Even if you use the 78 cents number, shares are trading at 23.5 times 2015 earnings targets. That's not dirt cheap. But it's not so expensive to conjure up images of sock puppets and other bubbilicious froth from 1999 and early 2000.
Still, Molchanov is taking a wait-and-see approach with the stock. He said that besides its valuation, his main concern is that GTAT may now have too much of its business concentrated with Apple. And it's not entirely clear exactly how much sapphire GTAT will be supplying and for what products.
There are also a lot of skeptics betting on a decline. More than 30% of GTAT's available shares were held by short sellers as of mid-June. That's a significantly high amount.
That doesn't worry Landis though. He notes that GTAT, which is now worth $2.5 billion, has the potential to wind up with a much larger market value. He points to Corning (GLW), the maker of Gorilla Glass, a product also popular with gadget makers for LED screens.
Writing a lot about glass in this column. Do I feel a song coming along? Why yes I do! Take it away, Debbie Harry!
Corning's market value is more than $28 billion. Landis concedes that GTAT shouldn't be worth that much.
He also admits that Corning is more than its Gorilla Glass unit. It also has a fiber-optics business.
(Ironically, that unit was the reason why Corning was a hot stock during the 2000 tech bubble. Glass was an afterthought.)
So investors obviously need to be careful with GTAT. You can't just casually dismiss concerns about its stock price.
But investors also should look at companies like Apple, Netflix and Amazon (AMZN). The mistake that is often made with a momentum stock is to declare that it must go down just because it went up a lot.
If more companies adopt sapphire and GTAT's earnings increase dramatically as a result, then this could be just the beginning of a prolonged move higher for the stock.
"This is typical with tech stocks. You get in after a big run and feel that you may be too late to the party," Landis said. "But it turns out that the party is better and going on longer than you thought."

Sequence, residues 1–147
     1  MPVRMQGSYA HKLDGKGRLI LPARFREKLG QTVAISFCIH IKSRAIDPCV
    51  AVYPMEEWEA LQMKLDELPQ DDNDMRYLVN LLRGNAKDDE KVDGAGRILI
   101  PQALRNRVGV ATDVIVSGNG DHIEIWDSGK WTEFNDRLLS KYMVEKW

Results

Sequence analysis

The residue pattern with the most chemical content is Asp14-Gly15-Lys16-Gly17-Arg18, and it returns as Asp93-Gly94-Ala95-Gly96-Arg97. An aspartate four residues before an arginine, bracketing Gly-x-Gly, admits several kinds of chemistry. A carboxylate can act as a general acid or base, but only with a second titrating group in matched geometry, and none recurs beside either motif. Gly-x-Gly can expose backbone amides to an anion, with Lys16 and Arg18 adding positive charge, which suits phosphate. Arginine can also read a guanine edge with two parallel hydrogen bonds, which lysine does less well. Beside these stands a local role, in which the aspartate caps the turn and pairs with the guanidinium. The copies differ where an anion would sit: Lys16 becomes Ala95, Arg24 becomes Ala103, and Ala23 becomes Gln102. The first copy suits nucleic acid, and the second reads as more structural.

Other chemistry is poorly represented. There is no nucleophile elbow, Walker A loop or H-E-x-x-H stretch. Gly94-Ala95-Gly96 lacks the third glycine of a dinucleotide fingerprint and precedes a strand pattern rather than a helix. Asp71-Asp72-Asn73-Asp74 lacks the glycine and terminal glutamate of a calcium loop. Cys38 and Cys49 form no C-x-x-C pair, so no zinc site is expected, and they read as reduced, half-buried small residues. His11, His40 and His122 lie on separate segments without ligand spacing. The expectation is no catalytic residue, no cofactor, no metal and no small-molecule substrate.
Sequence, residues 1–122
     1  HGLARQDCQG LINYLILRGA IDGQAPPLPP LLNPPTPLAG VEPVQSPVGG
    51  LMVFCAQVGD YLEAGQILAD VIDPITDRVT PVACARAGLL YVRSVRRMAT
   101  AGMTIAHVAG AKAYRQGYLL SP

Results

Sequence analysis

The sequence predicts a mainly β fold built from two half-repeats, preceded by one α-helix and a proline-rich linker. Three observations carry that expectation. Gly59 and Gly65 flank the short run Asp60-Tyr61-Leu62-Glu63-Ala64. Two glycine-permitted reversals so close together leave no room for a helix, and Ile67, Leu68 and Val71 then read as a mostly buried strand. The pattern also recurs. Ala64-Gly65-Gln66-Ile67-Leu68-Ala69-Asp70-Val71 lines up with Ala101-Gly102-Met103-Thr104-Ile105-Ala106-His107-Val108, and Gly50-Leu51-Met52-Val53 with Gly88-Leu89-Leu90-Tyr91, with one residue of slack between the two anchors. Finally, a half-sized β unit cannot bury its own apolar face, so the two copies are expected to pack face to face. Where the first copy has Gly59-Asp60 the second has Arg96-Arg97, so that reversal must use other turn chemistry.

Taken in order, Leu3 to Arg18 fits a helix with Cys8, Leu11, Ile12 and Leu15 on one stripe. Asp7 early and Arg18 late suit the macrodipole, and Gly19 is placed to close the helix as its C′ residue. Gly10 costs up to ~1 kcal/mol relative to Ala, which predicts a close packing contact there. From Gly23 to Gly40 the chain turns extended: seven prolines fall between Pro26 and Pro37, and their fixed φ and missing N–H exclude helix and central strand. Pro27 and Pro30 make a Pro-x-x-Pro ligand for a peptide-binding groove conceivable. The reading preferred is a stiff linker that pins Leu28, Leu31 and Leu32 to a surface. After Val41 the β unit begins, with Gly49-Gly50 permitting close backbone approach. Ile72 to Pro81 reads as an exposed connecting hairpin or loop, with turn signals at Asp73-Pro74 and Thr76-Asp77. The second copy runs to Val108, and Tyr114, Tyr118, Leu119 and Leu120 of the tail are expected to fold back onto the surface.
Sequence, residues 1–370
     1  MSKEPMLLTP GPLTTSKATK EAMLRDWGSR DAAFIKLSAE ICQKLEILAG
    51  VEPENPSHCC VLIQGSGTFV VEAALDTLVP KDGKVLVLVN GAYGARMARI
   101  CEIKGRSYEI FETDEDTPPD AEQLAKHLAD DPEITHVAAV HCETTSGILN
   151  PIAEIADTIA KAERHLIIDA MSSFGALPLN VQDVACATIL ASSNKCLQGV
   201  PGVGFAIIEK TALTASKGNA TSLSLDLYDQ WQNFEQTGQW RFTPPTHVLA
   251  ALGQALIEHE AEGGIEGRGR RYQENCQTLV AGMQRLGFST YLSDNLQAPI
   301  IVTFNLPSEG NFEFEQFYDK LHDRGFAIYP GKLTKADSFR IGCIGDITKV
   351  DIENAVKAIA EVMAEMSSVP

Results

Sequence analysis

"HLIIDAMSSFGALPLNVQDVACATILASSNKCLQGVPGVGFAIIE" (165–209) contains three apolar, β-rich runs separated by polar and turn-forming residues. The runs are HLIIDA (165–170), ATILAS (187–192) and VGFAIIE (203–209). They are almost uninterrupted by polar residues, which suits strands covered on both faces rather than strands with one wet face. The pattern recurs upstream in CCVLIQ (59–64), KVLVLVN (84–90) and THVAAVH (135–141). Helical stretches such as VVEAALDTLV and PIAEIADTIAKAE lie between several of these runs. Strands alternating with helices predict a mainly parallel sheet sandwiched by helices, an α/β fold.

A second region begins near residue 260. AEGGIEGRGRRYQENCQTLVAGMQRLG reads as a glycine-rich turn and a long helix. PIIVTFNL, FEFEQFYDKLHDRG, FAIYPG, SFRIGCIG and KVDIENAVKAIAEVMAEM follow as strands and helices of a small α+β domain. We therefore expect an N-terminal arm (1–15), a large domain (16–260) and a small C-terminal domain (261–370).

So for anyone looking to buy GTAT now, here's hoping that Apple doesn't turn out the lights anytime soon.
*Congratulations if you are still here. The top performer in the S&P 500 year-to-date is an oil driller called Pioneer Energy Resources (PES). It has a lot of exposure to the shale gas boom in the U.S. Shares are up 116% compared to GTAT's 113% rise.
Reader Comment of the Week! Since this "reward" is a mere shout-out and not a more substantial prize of actual monetary value, I don't play by radio contest rules. Employees of CNNMoney -- and any other Time Warner (TWX) properties for that matter -- are eligible to win.
I had a lot of fun joking about soccer's Hannibal Lecter this week. Uruguay's World Cup chances may have taken a hit now that star player Luis Suarez is getting more attention for his chompers than his feet. (I don't get it. My wife and I went to Punta del Este a few years ago and found Uruguay to be such a calm, peaceful place.)
But my colleague Charles Riley in Hong Kong had a nice one-liner about where Suarez may land next.
Ha! If true, then members of the Navy, Army, Holy Cross and other Patriot League teams better watch their backs! And their shoulders.
This article was published in the December issue of Money magazine.
By Paul R. La Monica
Buy low and sell high may be the first rule of investing, but that doesn't mean you should invest only in poorly performing shares while ignoring stocks on a roll.
If this year's market has taught you anything, it's that stocks that go up can keep climbing higher. In fact, history shows investing in the prior year's top-returning groups MOREDec 18, 2013 7:59 AM ET